This interview question is a tough one because there are several ways in which you can respond to it.
However, the worst thing you can do is to answer the interviewer with a vacant stare.
To help you respond to this challenging question, here’s how to answer “what you are most proud of,” as discussed by experts.
TEDx Speaker | Author | Career Coach, Plotline Leadership
This is an impact question designed to gain insight into your values and character. To answer it effectively, you need to offer more than a standard success story detailing what you did and when. The most important aspect of your answer is the why behind your actions.
Ultimately, the interviewer wants to understand why you chose to spend your energy on that endeavor and what impact the result had on both you and others.
Provide a timely answer
When selecting a topic, recency matters. You may be extremely proud of putting yourself through college. That’s fantastic, but the achievement loses its luster after a while.
If you’re 40 and that’s still your “go-to” win, the interviewer will wonder what you’ve achieved since. Topics should be no more than 24 months old.
Your answer should be relevant to your job application
Your topic should tie, at least indirectly, to the job you seek. For example, I’m proud to have recently finished my fifth novel, but that accomplishment may not resonate with someone interviewing me for a CHRO role.
On the other hand, if I published a well-received research paper on a hot HR topic such as remote working, that might be worth sharing.
The answer should be impactful
You’ll get bonus points if your example had a positive, ideally measurable, effect on others. To use our HR example, perhaps you developed and launched a remote working policy at your company based on the research paper you published the year before.
Perhaps that policy not only helped your company respond quickly to the COVID-19 situation but provided best practices for other organizations in your industry.
Having a relevant, timely success story that delivers a positive impact on others is a great start. However, what can truly set your answer apart from others is sharing the why behind your actions.
Perhaps you wrote that HR paper on remote working because you believe there is an untapped talent market that could be accessed if more flexible options were offered.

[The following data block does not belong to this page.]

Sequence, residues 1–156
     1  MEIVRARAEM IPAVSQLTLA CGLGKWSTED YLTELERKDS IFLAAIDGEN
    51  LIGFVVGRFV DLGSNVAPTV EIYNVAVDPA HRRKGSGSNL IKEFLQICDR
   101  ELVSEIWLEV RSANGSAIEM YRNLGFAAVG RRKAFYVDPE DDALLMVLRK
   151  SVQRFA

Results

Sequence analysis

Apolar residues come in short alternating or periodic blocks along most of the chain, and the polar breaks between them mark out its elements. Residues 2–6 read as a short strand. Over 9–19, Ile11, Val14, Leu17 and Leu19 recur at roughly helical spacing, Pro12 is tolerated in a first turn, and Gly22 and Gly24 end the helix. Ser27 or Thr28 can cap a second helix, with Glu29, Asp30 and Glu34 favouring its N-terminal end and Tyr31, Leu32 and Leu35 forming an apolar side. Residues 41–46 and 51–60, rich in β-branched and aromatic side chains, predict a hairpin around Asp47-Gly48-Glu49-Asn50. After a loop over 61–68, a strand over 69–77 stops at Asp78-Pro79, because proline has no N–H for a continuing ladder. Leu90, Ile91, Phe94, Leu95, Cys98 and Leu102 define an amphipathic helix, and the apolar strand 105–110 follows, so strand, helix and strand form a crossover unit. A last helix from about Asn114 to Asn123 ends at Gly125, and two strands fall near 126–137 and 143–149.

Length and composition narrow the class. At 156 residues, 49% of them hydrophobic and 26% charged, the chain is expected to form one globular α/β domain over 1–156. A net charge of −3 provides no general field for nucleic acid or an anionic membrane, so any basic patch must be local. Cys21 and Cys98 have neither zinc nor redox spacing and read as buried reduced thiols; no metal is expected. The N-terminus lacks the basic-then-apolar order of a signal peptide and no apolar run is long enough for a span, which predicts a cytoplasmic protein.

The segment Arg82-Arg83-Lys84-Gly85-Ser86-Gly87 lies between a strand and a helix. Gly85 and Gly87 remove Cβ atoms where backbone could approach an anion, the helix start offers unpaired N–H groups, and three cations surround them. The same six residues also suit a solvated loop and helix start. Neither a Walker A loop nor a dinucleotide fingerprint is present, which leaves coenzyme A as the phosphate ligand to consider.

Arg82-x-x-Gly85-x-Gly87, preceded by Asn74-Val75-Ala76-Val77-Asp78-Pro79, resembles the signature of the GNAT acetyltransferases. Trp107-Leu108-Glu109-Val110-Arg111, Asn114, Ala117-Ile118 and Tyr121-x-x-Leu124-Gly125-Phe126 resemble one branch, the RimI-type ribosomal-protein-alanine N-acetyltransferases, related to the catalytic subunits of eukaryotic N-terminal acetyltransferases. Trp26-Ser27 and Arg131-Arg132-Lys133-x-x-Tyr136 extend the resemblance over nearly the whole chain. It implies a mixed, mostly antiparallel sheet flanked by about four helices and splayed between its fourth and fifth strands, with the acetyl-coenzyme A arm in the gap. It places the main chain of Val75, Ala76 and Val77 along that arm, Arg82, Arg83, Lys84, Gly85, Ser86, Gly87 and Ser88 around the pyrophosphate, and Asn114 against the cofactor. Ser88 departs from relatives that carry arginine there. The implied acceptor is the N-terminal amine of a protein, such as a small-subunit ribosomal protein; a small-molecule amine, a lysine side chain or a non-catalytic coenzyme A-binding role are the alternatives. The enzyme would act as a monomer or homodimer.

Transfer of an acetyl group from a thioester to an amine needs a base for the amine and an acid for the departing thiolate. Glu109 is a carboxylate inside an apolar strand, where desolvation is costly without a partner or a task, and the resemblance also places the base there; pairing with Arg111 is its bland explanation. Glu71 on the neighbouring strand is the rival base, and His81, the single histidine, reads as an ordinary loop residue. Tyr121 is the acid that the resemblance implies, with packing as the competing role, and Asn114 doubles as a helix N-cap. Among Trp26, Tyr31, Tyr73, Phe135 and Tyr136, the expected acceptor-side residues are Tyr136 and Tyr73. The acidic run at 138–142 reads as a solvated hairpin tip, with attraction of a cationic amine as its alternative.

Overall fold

Or maybe your research indicates that remote work can reduce employee stress and increase productivity by eliminating commute time. Or perhaps you believe the change would enhance the company’s corporate sustainability program if they do their part to lower emissions and energy usage.
The rationale can differ from person to person. The important aspects are that you have clear values, consistently take action, and have a history of creating a positive impact for others. That’s a story worth telling and something to be proud of…in any profession.
Karin Lykke Nielsen
Career Specialist, Jofibo
The question “What are you most proud of?” automatically triggers something in us. We all have moments in our (work) life that we are proud of but we rarely like to brag. However, when you’re in a job interview situation this is exactly what is expected of you. Well, perhaps not bragging.
But at least that you know your own worth and that you realize your value to your future employer. And you need to be able to show them why you’re the best candidate.
First of all, ask yourself: Why would they ask this question?
They would ask this because they want to know what you value. What do you deem so important that you would be proud of it? This reveals a great deal about you. So you better answer it well – and that means having thought about it beforehand.
It has to be something you’ve achieved but it doesn’t necessarily have to be work-related. As long as you can put it in context as to why it makes you fit into the role you’re interviewing for.
So what are you proud of?
Maybe you volunteered and made a difference to another person? Maybe you raised money for a charity in an unusual way? Maybe you overcame a great obstacle and came out the other side much stronger?
What’s important is the way you present it. Your potential future employer won’t care much that you are extremely proud of your finishing grade from college. But if you overcame severe dyslexia and managed against all odds to graduate, that shows them that you’re a fighter and that you don’t give up.